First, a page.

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TMJ: Learn the Signs of this Painful Condition and How to Get Relief

You’ve probably heard the term TMJ a few times in your life, and you might vaguely know it has something to do with your jaw, but if you are ever afflicted with TMJ, you’ll wish you knew more about it.

Thanks to the team at Higgins Dental in Jacksonville, Florida,  you’re about to get a crash course in TMJ. Here’s everything you need to know about the symptoms and treatment of this painful condition.

What is TMJ?

TMJ stands for temporomandibular joint. This joint connects your jawbone to your skull and functions like a sliding hinge that lets you move your jaw up and down and side-to-side so you can talk, chew, yawn, etc.

You have one joint on each side of your jaw, and problems in the joint or the muscles surrounding the joint can sometimes cause pain. These issues are known as temporomandibular disorders or TMD. Sometimes the disorders are also called TMJ, after the joint itself.

We don’t know exactly what causes TMJ, but it could be a combination of factors, including genetics, injury to your jaw, arthritis, grinding your teeth, and even stress, which can cause your muscles to tighten and your teeth to clench.

What are the symptoms of TMJ?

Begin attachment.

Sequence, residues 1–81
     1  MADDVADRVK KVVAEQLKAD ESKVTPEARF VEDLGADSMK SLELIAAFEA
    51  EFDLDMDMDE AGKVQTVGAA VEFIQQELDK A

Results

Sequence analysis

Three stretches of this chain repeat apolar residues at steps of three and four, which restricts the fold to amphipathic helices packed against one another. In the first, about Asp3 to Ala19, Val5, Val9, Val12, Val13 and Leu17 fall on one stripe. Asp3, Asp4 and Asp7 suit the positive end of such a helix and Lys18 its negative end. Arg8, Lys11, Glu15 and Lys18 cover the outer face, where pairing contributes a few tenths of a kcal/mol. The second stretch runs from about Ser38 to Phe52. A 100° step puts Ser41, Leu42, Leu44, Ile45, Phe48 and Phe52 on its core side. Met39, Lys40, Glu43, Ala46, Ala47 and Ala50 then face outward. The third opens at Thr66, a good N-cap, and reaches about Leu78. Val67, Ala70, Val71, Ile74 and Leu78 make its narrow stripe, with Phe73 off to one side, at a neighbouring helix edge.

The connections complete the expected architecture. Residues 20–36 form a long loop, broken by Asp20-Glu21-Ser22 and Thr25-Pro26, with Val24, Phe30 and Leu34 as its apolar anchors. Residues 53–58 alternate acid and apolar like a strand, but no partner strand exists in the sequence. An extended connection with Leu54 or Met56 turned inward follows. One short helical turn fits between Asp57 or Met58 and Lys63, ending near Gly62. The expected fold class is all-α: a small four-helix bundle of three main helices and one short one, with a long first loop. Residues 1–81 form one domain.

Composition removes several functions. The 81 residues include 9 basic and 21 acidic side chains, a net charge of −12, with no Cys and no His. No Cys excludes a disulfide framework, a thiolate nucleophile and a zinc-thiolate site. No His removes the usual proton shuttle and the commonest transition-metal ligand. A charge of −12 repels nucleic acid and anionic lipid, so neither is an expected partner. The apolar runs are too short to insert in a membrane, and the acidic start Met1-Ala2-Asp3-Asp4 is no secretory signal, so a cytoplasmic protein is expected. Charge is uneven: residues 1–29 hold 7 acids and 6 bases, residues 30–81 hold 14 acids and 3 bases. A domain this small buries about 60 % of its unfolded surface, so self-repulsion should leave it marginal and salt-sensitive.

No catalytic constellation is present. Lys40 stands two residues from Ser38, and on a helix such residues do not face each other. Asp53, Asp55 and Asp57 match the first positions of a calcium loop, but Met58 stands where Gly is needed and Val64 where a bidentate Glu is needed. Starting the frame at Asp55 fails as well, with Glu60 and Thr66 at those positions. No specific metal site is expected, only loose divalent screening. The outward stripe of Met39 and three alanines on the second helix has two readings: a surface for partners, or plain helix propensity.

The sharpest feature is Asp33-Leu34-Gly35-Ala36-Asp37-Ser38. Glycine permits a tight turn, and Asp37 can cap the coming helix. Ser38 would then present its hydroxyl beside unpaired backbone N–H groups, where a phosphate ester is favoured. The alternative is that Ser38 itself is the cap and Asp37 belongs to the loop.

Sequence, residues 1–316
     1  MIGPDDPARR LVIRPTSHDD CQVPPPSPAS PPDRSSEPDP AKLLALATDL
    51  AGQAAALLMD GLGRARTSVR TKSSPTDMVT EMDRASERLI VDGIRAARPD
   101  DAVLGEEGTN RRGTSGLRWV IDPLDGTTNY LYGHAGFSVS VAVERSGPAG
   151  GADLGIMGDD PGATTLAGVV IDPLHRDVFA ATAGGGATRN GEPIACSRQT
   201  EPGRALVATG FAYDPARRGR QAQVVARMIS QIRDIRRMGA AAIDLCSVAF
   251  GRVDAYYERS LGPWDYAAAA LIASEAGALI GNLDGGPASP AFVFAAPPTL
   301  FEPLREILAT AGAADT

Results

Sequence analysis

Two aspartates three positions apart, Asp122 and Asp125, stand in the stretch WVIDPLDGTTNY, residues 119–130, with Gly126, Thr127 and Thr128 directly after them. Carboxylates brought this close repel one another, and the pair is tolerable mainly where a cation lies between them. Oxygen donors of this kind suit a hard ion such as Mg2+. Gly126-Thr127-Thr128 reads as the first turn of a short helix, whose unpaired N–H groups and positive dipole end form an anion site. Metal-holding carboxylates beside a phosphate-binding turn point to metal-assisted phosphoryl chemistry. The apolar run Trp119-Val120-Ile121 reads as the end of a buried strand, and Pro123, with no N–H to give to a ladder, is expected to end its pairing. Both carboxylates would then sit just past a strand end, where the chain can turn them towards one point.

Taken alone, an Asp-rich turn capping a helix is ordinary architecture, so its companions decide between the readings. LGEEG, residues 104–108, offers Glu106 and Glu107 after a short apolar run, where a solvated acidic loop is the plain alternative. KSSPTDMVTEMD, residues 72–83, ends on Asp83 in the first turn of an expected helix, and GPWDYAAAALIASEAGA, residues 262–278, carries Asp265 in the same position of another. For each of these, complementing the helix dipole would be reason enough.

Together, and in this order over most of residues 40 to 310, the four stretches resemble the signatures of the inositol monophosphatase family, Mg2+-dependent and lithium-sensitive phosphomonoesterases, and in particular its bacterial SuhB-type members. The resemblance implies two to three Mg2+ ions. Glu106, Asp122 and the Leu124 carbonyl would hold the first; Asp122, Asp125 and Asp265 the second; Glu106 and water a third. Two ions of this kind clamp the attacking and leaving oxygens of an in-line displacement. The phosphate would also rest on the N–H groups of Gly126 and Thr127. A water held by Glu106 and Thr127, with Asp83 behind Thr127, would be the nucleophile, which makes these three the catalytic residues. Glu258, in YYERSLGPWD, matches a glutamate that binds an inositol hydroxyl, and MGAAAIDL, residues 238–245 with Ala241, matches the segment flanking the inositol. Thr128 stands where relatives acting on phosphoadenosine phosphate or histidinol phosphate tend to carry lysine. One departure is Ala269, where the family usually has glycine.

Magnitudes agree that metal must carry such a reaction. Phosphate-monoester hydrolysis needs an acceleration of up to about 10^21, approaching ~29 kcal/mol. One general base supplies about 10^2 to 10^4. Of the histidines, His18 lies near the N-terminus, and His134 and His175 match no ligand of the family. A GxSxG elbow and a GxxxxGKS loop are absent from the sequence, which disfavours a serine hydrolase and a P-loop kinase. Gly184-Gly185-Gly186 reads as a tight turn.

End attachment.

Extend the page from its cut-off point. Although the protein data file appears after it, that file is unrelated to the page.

We see TMJ most commonly in people between the ages of 20 and 40. It can cause severe pain and lasts for varying amounts of time — it can be a temporary condition or last for years. Common symptoms include:

You should see a doctor or your dentist if any of these symptoms persist for longer than a temporary period, or if you can’t open or close your jaw all the way.

How can you treat TMJ?

TMJ can be treated with a wide variety of methods, from stay-at-home remedies all the way up to surgery. At home, you can apply an ice pack to the affected area, do a few jaw stretches, and then follow-up by holding a warm towel to your face for about five minutes. You can also avoid extreme jaw movements, keep your teeth slightly apart as much as you can (to relieve pressure), and learn some relaxation techniques.

You can also take over-the-counter non-steroidal anti-inflammatories such as ibuprofen or naproxen to relieve the pain. If this doesn’t work, your doctor can prescribe a higher dose, or give you a muscle relaxer or anti-depressant to relieve your stress and anxiety.

Other options include a nightguard to prevent teeth grinding, dental work to balance the biting surfaces of your teeth, and physical therapy to stretch and strengthen your jaw.

More involved procedures include arthrocentesis (small needles irrigate the joint), steroid injections, arthroscopic surgery, and even open-joint surgery. Rest assured that your doctor or dentist will not attempt these more complicated options until they have exhausted other, easier treatments.

If you think you may have TMJ, set up an appointment with Higgins Dental as soon as possible. You can call our office or use our convenient online scheduler to pick the time that works best for you. We can’t wait to help you get your life — and your jaw — back!

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